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Fmr. Maryland Gov. Martin O'Malley at a rally outside the NHDP convention in Manchester on Sept. 19

Oct 5, 2015 6:38 AM

Steinhauser: O'Malley outlines plans to combat substance abuse

NH1 Political Director - NH1.com

CONCORD – Martin O’Malley wants to reduce substance abuse deaths by 25% by 2020.

And to do that, the former Maryland governor and Democratic presidential candidate Monday is releasing a detailed national strategy, obtained by NH1 News, that he says he’d enact as president to expand and improve addiction treatment, improve recovery efforts, and prevent substance abuse disorders before they happen.

According to the proposal, O’Malley would develop and implement “a coordinated national strategy to reduce risky prescribing of pain medications, expanding access to effective addiction treatment, and investing in community resources for recovery.”

The first step, according to the plan, would be to establish “a national dashboard on overdose and addiction to monitor the problem, track our response nationwide, and target resources so that all Americans have access to critical services that support prevention, treatment, and recovery.”

The O’Malley campaign says the dashboard would guide $12 billion in federal investments and partnerships. The initial mission of the dashboard would be to reduce addiction to fentanyl. Deaths from fentanyl overdoses outnumbered those from heroin in New Hampshire last year.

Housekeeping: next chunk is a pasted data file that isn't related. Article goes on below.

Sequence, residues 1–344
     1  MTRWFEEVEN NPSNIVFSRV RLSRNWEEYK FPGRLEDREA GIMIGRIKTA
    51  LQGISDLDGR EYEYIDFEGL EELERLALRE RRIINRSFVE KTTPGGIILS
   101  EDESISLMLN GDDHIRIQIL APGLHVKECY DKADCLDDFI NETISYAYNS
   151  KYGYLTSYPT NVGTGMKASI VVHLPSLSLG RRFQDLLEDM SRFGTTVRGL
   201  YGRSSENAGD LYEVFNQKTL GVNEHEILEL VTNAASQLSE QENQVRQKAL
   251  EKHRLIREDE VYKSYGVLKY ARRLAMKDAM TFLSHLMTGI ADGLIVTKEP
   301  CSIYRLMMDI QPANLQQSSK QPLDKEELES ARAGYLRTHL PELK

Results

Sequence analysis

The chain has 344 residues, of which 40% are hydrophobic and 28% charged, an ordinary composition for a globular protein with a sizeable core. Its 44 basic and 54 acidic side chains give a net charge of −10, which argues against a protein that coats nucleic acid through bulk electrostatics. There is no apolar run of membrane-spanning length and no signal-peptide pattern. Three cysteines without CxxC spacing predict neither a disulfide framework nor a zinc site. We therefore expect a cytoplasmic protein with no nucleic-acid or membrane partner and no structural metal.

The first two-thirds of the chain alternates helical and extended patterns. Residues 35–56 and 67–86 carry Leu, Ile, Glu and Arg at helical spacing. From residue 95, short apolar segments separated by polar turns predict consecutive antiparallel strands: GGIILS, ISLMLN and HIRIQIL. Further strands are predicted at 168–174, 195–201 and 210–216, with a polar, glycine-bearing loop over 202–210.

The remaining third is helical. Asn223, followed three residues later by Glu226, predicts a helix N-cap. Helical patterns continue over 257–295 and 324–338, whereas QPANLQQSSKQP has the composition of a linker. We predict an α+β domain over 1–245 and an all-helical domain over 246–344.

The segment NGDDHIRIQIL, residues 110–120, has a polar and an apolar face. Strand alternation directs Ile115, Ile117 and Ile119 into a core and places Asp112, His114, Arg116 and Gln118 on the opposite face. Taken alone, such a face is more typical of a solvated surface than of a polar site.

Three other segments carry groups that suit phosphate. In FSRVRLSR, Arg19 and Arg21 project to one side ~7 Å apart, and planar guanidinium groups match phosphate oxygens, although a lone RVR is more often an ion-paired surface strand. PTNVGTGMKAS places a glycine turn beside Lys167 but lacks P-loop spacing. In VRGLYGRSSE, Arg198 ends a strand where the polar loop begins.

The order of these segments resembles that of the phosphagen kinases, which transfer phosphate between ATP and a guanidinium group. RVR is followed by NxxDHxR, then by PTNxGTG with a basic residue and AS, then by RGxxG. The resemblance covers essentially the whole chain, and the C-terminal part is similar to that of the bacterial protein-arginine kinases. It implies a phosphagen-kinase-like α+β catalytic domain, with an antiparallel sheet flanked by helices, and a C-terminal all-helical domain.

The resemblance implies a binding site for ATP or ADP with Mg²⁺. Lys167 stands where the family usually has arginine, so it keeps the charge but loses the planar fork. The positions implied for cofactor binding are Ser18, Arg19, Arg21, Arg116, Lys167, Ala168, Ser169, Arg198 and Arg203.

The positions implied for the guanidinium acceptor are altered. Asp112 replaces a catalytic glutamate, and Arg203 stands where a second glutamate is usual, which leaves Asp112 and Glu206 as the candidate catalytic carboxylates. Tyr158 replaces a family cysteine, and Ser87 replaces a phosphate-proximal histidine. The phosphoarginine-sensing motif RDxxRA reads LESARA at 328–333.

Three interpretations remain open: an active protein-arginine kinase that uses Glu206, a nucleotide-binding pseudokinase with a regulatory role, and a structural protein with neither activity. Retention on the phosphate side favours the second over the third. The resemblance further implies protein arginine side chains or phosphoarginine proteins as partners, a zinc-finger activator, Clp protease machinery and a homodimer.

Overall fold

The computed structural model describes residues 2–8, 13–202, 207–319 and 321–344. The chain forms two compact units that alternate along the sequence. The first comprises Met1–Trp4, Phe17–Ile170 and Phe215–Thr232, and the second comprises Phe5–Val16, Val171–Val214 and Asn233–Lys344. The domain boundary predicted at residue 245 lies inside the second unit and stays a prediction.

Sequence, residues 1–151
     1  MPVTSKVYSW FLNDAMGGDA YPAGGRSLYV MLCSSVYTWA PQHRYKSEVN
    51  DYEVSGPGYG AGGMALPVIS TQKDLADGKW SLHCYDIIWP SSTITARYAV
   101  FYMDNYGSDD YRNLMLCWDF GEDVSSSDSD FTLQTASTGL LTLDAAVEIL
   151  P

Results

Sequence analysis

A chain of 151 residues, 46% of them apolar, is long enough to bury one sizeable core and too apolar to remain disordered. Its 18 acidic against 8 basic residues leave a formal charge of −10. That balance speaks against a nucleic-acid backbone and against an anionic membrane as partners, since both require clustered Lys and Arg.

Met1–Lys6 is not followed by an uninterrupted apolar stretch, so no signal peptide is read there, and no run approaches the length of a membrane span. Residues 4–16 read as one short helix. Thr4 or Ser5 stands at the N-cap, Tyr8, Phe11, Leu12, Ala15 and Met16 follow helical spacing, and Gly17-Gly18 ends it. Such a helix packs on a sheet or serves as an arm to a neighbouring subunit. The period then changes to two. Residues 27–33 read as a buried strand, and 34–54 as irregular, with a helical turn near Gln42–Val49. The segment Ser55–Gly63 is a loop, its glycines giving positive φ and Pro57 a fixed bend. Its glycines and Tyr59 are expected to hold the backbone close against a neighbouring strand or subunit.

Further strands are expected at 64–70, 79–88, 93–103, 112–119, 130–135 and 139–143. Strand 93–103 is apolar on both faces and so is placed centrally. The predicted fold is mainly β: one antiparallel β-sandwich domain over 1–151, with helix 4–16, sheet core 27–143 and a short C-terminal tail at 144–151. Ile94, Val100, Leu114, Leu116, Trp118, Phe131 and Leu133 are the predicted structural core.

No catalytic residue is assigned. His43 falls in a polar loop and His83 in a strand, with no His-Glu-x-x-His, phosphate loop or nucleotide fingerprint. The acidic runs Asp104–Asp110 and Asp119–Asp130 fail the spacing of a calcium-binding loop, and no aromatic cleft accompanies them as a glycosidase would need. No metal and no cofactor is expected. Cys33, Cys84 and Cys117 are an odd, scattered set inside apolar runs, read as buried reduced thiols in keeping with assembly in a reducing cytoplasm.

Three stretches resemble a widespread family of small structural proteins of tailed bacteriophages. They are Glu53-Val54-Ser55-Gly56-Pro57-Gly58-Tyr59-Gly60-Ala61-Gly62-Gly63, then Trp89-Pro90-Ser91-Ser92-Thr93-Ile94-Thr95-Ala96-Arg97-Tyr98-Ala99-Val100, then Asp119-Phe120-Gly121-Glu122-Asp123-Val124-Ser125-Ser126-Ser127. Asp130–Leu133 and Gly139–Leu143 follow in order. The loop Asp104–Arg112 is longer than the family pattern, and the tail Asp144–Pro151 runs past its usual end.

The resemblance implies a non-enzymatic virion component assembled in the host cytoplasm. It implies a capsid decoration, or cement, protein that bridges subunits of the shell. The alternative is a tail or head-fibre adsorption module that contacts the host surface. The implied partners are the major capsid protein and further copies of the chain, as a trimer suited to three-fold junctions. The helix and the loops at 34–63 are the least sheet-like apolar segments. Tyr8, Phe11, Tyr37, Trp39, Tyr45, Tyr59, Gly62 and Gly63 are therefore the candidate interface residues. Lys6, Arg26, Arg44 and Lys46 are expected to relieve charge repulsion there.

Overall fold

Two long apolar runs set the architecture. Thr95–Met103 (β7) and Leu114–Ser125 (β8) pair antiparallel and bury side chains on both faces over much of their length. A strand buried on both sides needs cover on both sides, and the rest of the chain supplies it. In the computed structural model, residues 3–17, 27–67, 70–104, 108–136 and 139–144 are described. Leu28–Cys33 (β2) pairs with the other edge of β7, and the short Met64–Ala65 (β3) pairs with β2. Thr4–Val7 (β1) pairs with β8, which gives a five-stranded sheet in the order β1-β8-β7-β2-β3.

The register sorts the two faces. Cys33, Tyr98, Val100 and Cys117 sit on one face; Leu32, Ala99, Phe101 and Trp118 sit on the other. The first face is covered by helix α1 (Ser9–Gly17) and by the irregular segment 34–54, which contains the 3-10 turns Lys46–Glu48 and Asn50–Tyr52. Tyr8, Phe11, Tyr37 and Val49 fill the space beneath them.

O’Malley’s strategy also calls for stopping the over prescription of pain medication, expand access to treatment, and investing in community resources for recovery.

O'Malley outlined his strategy in an op-ed Monday in the Concord Monitor.

With the Granite State suffering from a heroin epidemic, substance abuse has become an important topic on the presidential campaign trail. Last month Democratic presidential frontrunner Hillary Clinton outlined her proposals. And some Republican candidates, such as Chris Christie and John Kasich, often bring up the issue as they campaign in the first-in-the-nation primary state.


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